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科学美国人60秒:马能认出主人的照片

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Horses Recognize Pics of Their Keepers

马能认出主人的照片

We recognize our friends’ faces. And we’re not alone. Many social animals can identify individuals of their own species by their facial features. That’s important, because they need to be able to adjust their behavior depending on who they encounter. And research has shown that some species of monkeys, birds, and domesticated animals can even distinguish among different faces by looking at photographs alone.

我们能认出朋友的脸。我们并不孤单。许多群居动物都能通过面部特征来识别同类。这很重要,因为它们需要根据遇到的人来调整自己的行为。研究表明,一些种类的猴子、鸟类和家养动物甚至可以通过单独看照片来区分不同的面孔。

Scientists have also wondered whether domesticated animals that have co-existed with people for thousands of years can recognize different human faces. For example, we’ve shared more than 5.000 years of our history with horses. Plus, they can live up to 30 years, and may need to retain a great deal of information about us throughout their lifetimes.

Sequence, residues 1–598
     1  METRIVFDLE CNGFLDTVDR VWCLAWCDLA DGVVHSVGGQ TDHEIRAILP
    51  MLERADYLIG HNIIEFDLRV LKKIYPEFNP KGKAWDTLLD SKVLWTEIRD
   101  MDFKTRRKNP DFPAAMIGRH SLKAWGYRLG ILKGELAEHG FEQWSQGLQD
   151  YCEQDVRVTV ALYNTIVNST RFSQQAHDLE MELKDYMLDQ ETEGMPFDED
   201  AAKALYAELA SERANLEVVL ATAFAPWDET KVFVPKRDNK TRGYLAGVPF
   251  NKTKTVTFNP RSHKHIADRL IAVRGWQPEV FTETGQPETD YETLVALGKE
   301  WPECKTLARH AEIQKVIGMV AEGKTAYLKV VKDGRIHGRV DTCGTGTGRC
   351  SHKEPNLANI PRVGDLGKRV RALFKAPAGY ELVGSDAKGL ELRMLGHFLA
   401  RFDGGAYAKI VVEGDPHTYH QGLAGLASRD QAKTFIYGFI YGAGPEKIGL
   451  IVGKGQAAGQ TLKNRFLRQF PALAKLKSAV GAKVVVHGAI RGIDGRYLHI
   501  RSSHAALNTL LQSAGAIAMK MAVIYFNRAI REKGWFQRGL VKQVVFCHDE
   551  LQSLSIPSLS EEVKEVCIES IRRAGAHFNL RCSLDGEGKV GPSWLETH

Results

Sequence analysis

科学家们还想知道,与人类共存了数千年的家养动物是否能够识别不同的人脸。例如,我们与马分享了5000多年的历史。另外,它们可以活到30岁,一生中可能需要保留大量关于我们的信息。

Ethologist Léa Lansade of the French National Research Institute for Agriculture, Food and Environment did an experiment to find out how well horses can recognize individual people in photographs.

法国国家农业、食品和环境研究所的动物行为学家Lea Lansade做了一项实验,以找出马在照片中识别人的能力有多强。